With a background that started at computer store back in the 1990's, Symantec's COO Stephen Gillett has climbed the corporate ladder rapidly. After being spotted by the Chairman of the largest hospital chain in the Pacific northwest of the USA while working at Office Depot, he was appointed as the IT manager of a new hospital. After moving from that to his own start up, he became the CIO of Starbucks at the age of 31. He's now the COO of Symantec.
While security vendors weigh their product ranges for vulnerability to the recently discovered 'Heartbleed' bug, Symantec's massive digital certificate infrastructure remains secure – but the company is advising customers to update the vulnerable OpenSSL code and then regenerate their public key infrastructure (PKI) private keys, according to its Melbourne-based senior principal systems engineer Nick Savvides.
Researchers have proven the Heartbleed OpenSSL bug can be used to extract private keys from a vulnerable web server, giving affected services concrete evidence they do need to revoke and reissue private SSL certificates.
Microsoft’s next major release of Internet Explorer (IE) will support an internet standard that allows web servers to force browsers to make a secured connection when the site supports encryption.
Specialist recruitment giant Peoplebank is seeing significant time savings after implementing a digital signature system that has significantly improved its everyday work processes.
Trend Micro's SafeSync is an Internet-based storage solution that allows you to upload files and access them from any computer or smartphone (iPhone or Android). It's a very similar service to DropBox, but it offers better value for money.
Canberra's EVOLVE.Cloud hit the streets with topline speakers
Evolve.Cloud event hosted by Trend Micro including thought leaders from , VMware, Cloud Security Alliance, Government Leaders and Cloud Independent Rob Livingstone at The Sheraton on the Park.
Symantec Vision 2011 Sydney in pictures
Stealthy, sometime long-term cyber-espionage attacks to steal sensitive proprietary information -- what some now call "advanced persistent threats" (APT) -- have become a top worry for businesses.
To use Cloud computing securely requires companies to know where their data is stored and who has access to it. Ironically, the reason Cloud is so popular is because organisations don't want to worry about these details.
So can the issue be solved by adhering to standards? Increasing legislation? Maybe we need a global technical disaster to ‘sober up’ an industry drunk on the power of Moore's Law.
With cloud computing continuing its journey as arguably the dominant technology of the current era, so too the way we use it and manage its capabilities continue to evolve. The cloud has given us new ways to think about lots of traditional IT habits and practices, and as more and more data finds its way into the cloud, this extends to subjects like business continuity, disaster recovery and general data security.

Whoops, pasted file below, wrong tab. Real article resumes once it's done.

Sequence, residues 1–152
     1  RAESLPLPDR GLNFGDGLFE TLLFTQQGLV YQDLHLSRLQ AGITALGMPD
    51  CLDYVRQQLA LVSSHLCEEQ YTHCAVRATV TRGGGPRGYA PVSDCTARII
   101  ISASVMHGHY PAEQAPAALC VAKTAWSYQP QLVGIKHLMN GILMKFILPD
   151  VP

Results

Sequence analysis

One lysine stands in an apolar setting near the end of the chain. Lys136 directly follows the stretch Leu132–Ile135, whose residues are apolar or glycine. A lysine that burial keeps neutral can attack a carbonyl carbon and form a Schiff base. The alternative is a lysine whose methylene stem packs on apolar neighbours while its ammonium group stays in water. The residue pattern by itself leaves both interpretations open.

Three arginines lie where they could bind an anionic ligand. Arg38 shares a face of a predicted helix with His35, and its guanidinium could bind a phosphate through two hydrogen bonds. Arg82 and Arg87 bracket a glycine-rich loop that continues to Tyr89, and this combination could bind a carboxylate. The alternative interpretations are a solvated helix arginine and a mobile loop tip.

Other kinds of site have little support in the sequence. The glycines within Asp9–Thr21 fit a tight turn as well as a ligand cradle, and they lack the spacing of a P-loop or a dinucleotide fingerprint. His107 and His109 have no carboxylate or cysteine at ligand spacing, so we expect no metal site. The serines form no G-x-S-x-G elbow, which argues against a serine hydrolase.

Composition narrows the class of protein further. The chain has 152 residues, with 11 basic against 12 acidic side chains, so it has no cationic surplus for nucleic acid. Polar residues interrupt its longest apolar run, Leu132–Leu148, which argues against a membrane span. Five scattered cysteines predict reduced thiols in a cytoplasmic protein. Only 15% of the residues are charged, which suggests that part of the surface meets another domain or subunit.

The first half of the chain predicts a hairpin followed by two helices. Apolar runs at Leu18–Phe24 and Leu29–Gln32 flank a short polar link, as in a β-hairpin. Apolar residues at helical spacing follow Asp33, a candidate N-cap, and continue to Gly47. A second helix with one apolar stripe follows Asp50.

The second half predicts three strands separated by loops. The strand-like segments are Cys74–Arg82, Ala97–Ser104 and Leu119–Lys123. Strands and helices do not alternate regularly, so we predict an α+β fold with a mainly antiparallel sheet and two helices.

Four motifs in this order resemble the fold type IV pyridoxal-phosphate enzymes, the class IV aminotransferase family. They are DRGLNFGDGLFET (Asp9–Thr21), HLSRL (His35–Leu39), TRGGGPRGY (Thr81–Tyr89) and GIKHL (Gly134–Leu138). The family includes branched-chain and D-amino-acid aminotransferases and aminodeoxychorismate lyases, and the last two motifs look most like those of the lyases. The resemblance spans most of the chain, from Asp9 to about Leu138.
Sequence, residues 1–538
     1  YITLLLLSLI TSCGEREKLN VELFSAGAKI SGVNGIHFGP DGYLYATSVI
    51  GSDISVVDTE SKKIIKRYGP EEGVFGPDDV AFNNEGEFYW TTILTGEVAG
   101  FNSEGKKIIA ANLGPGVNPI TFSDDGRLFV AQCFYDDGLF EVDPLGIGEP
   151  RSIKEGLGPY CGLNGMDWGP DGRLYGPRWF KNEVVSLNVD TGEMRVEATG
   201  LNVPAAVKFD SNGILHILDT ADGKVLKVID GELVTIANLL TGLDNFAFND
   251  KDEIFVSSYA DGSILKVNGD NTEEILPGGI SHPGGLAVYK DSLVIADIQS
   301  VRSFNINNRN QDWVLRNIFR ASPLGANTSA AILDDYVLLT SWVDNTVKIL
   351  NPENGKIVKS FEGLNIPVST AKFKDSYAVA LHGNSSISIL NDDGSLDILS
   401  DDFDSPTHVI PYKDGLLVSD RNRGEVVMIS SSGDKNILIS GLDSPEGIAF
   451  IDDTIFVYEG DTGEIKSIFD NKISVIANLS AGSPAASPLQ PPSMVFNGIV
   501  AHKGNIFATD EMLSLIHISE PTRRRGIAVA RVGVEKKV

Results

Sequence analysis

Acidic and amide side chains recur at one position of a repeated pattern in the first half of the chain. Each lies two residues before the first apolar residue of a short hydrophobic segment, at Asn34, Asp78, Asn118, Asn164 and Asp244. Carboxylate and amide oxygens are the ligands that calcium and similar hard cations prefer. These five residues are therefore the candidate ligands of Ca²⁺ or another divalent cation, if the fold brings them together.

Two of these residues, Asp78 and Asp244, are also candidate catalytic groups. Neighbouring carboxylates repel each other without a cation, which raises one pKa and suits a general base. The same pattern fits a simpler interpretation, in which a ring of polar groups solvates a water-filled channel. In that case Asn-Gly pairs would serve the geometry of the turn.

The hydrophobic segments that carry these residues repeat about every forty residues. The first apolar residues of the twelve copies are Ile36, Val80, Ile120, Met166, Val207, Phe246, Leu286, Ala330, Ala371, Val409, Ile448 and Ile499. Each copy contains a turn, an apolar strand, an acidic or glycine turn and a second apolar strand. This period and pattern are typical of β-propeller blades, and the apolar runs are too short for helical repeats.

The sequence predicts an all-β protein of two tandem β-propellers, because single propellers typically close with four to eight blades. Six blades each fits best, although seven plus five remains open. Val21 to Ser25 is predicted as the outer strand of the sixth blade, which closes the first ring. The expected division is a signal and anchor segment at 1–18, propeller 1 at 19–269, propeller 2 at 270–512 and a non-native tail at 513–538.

The attractiveness of adopting cloud services continues to grow. Who can argue against access to the latest technologies, a pay as you go model, rapid provisioning/de-provisioning and on demand scaling? All of these benefits lead to improved agility, faster time to market and a business focus on the business (not managing IT). Many of the risks of cloud computing have become less frightening as organisations have become more comfortable with data sovereignty and availability issues.
In the age of cloud, internal IT departments are being continuously challenged to demonstrate value and alignment to business requirements and business needs.
How does your organisation cope when your data has left the building — or the country? Data sovereignty can be a vital legal issue, because data becomes subject to the laws of the country it's stored in — and that changes the risk profile.
In 1973 Peter Drucker in his book “Management Tasks and Responsibilities” defined strategic planning as: “The continuous process of making present entrepreneurial (risk-taking) decisions systematically and with the greatest knowledge of their futurity..."
Sign up now »
Incident handling is a vast topic, but here are a few tips for you to consider in your incident response. I hope you never have to use them, but the odds are at some point you will and I hope being ready saves you pain (or your job!).
- Have an incident response plan.
- Pre-define your incident response team
- Define your approach: watch and learn or contain and recover.
- Pre-distribute call cards.
- Forensic and incident response data capture.
- Get your users on-side.
- Know how to report crimes and engage law enforcement.
- Practice makes perfect.
I’m dating myself, but I remember when holiday shopping involved pouring through ads in the Sunday paper, placing actual phone calls from tethered land lines to research product stock and availability, and actually driving places to pick things up. Now, holiday shoppers can do all of that from a smartphone or tablet in a few seconds, but there are some security pitfalls to be aware of.